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A new group has emerged to pursue an Indigenous ownership stake in the Trans Mountain oil pipeline, saying it wants to maximize economic opportunities for First Nations along the route through a non-profit, consensus-based approach.

“Our main intent, our goal, is to provide support for communities and negotiate the best transaction possible to purchase TMX,” said Tony Alexis, who is chief of the Alexis Nakota Sioux Nation in Alberta and founding director of Nesika Services.

Nesika, a federal non-profit incorporated last November, publicly announced its plans Monday, saying it wants to bring communities together to explore equity and revenue-sharing opportunities in oil pipeline.

Nesika currently has 14 Indigenous groups as members and is reaching out to the rest of the 129 communities that have been identified along the pipeline route, Mr. Alexis said.

Nesika is not affiliated with industry or financial backers, but wants to help communities along the route strike the best possible deal that will bring economic benefits and reflect environmental concerns, he added.

“For us, it’s an opportunity to take the most responsible step possible, to be at that table, to make sure we are there and that over the lifetime of this pipeline, that we’ll have a governance seat at this table,” Mr. Alexis said.

Mr. Alexis was previously involved with another Alberta-based group, called the Iron Coalition, that had expressed interest in acquiring a stake in the pipeline but is no longer active. The difference between the two models is that Nesika is a non-profit, Mr. Alexis said.

“Nesika is not seeking or receiving any profits from this transaction … we are helping Indigenous communities and leaders come up with a transaction and making sure that is shared across the board with everyone,” he said.

Nesika joins several other groups that are pursuing Indigenous ownership stakes in the Trans Mountain expansion project, which would nearly triple the capacity of the existing pipeline to 890,000 barrels a day.

The project has faced court challenges and opposition from First Nations and environmental groups over concerns including increased tanker traffic on the West Coast.

Ottawa paid Kinder Morgan Canada Ltd. $4.5-billion for Trans Mountain in 2018, as the company prepared to halt the expansion project because of regulatory and court delays. A year later, Calgary-based Pembina Pipeline Corp. bought the remainder of Kinder Morgan Canada and other assets from its U.S. parent company.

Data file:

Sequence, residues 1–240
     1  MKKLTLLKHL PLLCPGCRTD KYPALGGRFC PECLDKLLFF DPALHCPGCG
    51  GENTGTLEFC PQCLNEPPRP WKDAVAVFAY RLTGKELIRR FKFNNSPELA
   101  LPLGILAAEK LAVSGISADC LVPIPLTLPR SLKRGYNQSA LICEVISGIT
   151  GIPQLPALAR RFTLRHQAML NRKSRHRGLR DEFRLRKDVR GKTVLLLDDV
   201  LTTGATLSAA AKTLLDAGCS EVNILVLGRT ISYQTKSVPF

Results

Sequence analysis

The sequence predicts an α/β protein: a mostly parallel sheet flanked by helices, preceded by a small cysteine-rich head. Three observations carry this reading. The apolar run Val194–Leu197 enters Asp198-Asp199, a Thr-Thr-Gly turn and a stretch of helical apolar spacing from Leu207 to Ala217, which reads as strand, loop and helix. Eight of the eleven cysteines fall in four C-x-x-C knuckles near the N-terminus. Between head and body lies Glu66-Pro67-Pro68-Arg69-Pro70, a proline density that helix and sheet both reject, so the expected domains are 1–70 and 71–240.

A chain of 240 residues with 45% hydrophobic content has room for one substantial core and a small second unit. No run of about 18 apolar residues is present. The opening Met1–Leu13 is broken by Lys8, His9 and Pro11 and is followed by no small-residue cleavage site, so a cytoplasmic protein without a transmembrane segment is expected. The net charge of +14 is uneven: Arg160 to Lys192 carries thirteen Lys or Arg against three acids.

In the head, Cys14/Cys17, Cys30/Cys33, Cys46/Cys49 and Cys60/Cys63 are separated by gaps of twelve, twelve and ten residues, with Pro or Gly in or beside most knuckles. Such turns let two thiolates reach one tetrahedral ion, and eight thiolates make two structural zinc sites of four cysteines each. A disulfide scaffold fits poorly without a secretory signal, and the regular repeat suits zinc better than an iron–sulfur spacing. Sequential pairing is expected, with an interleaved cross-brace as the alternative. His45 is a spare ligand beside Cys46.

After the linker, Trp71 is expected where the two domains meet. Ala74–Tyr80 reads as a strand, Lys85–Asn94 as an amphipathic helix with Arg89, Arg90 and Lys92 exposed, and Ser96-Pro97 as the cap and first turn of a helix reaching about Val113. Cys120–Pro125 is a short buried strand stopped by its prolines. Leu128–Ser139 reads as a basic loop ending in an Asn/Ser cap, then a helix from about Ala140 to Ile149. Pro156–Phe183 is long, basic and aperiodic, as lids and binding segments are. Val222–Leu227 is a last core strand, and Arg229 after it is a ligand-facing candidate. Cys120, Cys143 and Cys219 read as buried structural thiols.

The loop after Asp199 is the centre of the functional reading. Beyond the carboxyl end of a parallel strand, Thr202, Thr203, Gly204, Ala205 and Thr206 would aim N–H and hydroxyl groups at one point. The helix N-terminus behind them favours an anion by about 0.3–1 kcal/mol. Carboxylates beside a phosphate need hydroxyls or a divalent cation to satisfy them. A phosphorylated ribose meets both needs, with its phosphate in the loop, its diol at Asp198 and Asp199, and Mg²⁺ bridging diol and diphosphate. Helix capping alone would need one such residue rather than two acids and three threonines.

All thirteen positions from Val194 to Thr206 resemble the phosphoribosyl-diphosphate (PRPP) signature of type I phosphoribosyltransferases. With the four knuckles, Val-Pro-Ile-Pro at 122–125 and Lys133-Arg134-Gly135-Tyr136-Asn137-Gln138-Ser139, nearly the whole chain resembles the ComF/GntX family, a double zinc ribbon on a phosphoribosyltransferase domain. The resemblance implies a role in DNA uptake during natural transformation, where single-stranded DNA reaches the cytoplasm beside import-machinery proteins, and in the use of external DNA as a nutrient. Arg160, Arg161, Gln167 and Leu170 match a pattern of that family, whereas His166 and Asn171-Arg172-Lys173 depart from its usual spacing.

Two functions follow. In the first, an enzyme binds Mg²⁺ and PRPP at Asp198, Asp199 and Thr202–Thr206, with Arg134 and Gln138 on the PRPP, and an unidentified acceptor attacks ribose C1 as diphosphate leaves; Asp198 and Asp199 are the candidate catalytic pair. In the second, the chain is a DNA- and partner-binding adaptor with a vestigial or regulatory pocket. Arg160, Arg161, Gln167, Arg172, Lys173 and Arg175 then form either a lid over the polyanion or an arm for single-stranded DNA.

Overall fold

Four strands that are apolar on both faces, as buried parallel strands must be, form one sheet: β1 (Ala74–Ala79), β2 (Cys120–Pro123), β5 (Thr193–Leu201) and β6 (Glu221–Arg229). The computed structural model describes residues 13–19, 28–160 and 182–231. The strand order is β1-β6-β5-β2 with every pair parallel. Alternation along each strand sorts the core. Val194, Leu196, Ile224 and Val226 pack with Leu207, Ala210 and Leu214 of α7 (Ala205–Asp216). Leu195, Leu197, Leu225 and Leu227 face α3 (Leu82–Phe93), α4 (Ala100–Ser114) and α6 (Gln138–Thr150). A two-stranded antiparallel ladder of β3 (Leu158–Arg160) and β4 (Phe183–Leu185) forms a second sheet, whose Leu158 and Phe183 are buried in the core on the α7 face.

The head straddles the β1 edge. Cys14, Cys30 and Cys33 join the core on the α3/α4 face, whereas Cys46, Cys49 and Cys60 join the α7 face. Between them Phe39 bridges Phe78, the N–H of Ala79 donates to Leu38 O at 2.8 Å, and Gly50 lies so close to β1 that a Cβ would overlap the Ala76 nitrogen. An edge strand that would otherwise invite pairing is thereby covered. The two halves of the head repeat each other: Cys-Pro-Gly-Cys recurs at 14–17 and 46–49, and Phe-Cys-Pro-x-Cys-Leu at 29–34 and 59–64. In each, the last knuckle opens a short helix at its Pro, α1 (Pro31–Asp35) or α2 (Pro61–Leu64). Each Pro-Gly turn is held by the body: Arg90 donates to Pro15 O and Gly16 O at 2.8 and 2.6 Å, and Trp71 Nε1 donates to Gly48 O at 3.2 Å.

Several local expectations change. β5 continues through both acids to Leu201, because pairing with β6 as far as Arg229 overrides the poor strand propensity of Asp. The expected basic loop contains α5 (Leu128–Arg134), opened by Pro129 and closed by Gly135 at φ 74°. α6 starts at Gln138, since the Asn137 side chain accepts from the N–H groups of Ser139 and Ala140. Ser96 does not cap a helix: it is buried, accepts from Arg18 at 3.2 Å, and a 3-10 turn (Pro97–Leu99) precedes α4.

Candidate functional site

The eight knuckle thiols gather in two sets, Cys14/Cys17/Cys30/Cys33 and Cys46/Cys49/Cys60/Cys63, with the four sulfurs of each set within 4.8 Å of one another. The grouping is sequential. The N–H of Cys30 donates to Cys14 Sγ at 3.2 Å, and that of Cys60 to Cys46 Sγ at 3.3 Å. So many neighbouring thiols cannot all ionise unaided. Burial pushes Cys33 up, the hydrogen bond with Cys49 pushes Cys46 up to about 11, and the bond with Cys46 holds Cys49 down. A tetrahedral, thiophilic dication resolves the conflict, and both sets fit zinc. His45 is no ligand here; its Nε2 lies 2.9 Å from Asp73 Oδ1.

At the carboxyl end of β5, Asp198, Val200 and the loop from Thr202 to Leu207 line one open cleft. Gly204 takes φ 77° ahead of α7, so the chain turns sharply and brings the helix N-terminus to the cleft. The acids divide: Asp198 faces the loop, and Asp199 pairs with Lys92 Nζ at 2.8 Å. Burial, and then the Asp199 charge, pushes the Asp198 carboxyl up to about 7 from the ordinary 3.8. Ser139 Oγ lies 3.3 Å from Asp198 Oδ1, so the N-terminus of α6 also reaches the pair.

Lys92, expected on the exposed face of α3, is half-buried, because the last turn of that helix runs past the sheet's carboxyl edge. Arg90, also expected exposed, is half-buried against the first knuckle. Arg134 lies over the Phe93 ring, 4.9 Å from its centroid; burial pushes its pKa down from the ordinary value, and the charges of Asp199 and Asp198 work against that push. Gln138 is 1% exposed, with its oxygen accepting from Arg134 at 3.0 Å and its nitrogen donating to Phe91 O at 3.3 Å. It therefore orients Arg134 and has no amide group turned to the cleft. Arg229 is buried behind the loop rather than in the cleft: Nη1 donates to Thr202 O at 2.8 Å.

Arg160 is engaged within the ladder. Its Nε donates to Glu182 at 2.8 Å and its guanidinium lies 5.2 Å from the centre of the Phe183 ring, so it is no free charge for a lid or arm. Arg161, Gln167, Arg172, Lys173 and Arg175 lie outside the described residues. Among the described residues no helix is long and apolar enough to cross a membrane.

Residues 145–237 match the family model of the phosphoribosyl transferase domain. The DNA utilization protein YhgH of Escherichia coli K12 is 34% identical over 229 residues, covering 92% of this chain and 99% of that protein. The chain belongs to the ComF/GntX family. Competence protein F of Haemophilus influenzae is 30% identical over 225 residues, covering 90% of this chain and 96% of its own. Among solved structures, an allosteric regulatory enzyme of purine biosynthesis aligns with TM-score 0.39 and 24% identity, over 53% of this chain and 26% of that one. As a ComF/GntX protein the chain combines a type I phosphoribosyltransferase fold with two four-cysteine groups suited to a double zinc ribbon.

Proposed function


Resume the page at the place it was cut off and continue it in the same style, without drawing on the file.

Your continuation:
The federal government has said it wants to sell the project back to the private sector and is open to ownership by Indigenous groups.

In 2021, Pembina formed a 50-50 partnership with Western Indigenous Pipeline Group, or WIPG, a coalition of First Nations and Métis representatives from communities along the 1,150-kilometre route of the pipeline in Alberta and British Columbia. The partnership is called Chinook Pathways and has stated it wants to acquire a 100-per-cent stake in the pipeline.

Western Indigenous Pipeline Group did not immediately respond to a request for comment.

Project Reconciliation, which is based in Calgary, has also expressed interest.

Stephen Mason, senior managing director of Project Reconciliation, on Monday said the group has spent several years developing its proposal and considers itself the front-runner when it comes to putting together an Indigenous ownership coalition.

Project Reconciliation has lined up financing, worked out a governance model and is ready to negotiate with the federal government, Mr. Mason said.

“We’re very much governance-ready, in terms of having that opportunity for 129 potential owners to have a place at the table,” he said.

The federal government does not intend to be the long-term owner of Trans Mountain Corp. and intends to launch a divestment process after the expansion project is further de-risked and after engagement with Indigenous groups has concluded, Adrienne Vaupshas, press secretary for the Minister of Finance, said Monday in an e-mail.

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